Welcome to the Ultimate Magic Playtest


Announcements and General Discussion

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Paizo Employee Director of Game Design

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Welcome to the playtest of the Ultimate Magic, an exciting new sourcebook for the Pathfinder Roleplaying Game, due to hit store shelves in early 2011. This messageboard is for announcements and general discussion concerning the playtest of this book.

The playtest begins with a look at the Magus, a new base class and wraps up with a look at the Words of Power alternate spellcasting system. Although there is significantly more content in the book, these two represent the truly new ground being explored. Each will have its own messageboard for discussing the individual playtest. Note that the flagging and FAQ system should not be used as part of this playtest.

If you have any questions or comments about this process, we would love to hear them. Thank you for participating. Its great to have you on board.

Jason Bulmahn
Lead Designer
Paizo Publishing


I am not finding the link to download the playtest PDF. Am I missing it?

Dark Archive

Trojan Dwarf wrote:
I am not finding the link to download the playtest PDF. Am I missing it?

Ditto

RPG Superstar 2008 Top 32

Give it another try.

Sovereign Court

Trojan Dwarf wrote:
I am not finding the link to download the playtest PDF. Am I missing it?

Its in the blog, but its not working properly for me.

Edit: Blog link works now.

RPG Superstar 2012 Top 32

Got it! Went up like...30 seconds ago for me.


Alexander Kilcoyne wrote:
Trojan Dwarf wrote:
I am not finding the link to download the playtest PDF. Am I missing it?

Its in the blog, but its not working properly for me.

Edit: Blog link works now.

Yeah, I had to reload the page a few times myself before it worked.

Sovereign Court

I HAS THE PRECIOUS!


Got it too! Thanks you Paizo guys (and gals)! I appreciate the ability to preview the class and add our $0.02 in!


Round 1: Magus PDF ... how many rounds will there be, may I ask?

Btw, thanks so much for getting this out there!!


The opening post says the only other round will be a Words of Power playtest.


Hmmm... seems that for a full playtest of the Magus class, we would at least need a preview of the spell write-ups for the new spells on the Magus spell list. For the rest of the Magus write up, it looks pretty good... gives some relatively nice abilities but doesn't go overboard. Upon my initial perusal, I liked what I saw but didn't really see anything to get overly excited about either... I only spent a few minutes on them, but the Magus Arcana I saw seem a bit lackluster. Nice but not "Wow!" I admit my time is limited at the moment so I'm curious to know if anyone else saw something in there that got them excited to try a Magus?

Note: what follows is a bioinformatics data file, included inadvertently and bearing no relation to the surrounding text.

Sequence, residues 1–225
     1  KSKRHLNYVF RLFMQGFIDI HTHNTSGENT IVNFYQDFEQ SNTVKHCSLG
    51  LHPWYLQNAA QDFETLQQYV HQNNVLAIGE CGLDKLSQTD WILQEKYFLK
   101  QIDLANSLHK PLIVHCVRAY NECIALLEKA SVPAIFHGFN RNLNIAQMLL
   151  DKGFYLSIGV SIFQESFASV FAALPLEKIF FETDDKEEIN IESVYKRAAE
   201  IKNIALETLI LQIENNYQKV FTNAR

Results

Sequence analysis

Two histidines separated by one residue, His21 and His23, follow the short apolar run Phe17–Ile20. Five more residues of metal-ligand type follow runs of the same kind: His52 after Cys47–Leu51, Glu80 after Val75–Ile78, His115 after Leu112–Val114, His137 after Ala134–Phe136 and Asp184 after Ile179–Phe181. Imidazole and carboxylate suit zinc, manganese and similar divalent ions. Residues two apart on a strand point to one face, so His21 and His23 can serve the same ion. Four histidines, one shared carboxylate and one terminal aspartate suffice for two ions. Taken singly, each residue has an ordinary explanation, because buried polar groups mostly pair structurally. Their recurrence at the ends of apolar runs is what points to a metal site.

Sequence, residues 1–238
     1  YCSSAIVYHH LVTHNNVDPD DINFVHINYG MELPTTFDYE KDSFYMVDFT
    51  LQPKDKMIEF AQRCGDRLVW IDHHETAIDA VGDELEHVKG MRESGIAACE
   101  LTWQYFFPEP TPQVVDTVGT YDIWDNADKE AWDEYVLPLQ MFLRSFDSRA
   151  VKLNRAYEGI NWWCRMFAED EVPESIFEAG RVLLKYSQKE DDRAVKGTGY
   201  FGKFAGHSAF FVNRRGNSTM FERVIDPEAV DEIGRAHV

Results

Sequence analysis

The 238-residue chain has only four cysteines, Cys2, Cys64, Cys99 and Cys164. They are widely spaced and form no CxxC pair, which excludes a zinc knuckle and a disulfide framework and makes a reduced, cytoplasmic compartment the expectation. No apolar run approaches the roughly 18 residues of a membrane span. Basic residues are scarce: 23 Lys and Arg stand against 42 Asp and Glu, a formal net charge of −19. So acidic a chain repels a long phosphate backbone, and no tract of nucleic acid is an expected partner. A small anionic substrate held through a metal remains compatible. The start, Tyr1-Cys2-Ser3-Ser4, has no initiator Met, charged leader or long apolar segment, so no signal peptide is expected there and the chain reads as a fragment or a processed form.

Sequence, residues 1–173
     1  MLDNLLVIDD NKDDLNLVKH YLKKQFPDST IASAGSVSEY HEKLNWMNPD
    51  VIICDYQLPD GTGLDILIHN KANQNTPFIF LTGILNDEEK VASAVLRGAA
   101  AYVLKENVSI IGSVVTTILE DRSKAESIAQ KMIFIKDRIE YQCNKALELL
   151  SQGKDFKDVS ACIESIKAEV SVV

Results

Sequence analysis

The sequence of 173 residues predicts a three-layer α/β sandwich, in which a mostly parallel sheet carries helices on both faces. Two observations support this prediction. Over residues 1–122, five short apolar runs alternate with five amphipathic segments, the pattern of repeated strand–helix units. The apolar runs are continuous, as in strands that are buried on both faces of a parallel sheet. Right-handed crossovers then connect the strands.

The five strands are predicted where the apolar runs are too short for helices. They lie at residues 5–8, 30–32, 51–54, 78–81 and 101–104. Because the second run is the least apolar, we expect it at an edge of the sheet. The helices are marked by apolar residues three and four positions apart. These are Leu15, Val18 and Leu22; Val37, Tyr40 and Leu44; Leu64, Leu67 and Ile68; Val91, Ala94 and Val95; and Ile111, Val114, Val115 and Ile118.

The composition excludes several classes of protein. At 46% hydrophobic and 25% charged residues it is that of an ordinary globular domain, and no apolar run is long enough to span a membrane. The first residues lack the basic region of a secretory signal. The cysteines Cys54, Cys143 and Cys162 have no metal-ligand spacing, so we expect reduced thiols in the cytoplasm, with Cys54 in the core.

Maveric28 wrote:
Hmmm... seems that for a full playtest of the Magus class, we would at least need a preview of the spell write-ups for the new spells on the Magus spell list.

There are new spells? The only ones I saw were from the core book and the APG.


There will be new spells in Ultimate Magic, and it has been stated that many of those will be on the Magus spell list (particularly more touch spells). They are not available now.

Liberty's Edge

Majuba wrote:
There will be new spells in Ultimate Magic, and it has been stated that many of those will be on the Magus spell list (particularly more touch spells). They are not available now.

I saw that too, and I think it's actually a rare case of Paizo dropping the ball on a playtest. When you're posting a class with a fairly integral ability, like the magus with his touch spell/melee combat combo stuff, you really need to see all of the spells that the class gets access to by default to adequately playtest the class. It's not like the waves oracle problem; you could still adequately playtest oracle as a class, even waves as a mystery--you just had to avoid that one optional ability. But the magus' ability to combo touch spells in melee is pretty vital to the class and its viability; don't give us a full list of the spells, and don't you don't get a real view of what the class plays like.

I also think the magus looks a lot more "unfinished" than any of the APG classes did when they first went up for playtest. Between the lack of spells, the rushed feel of the class, and the very confusing wording of several of the abilities (spellstrike in particular), it just doesn't seem all that great so far. As a huge fan of the fighter/caster combo (when I PC, it's my favorite thing), the magus is getting a resounding "meh" from me.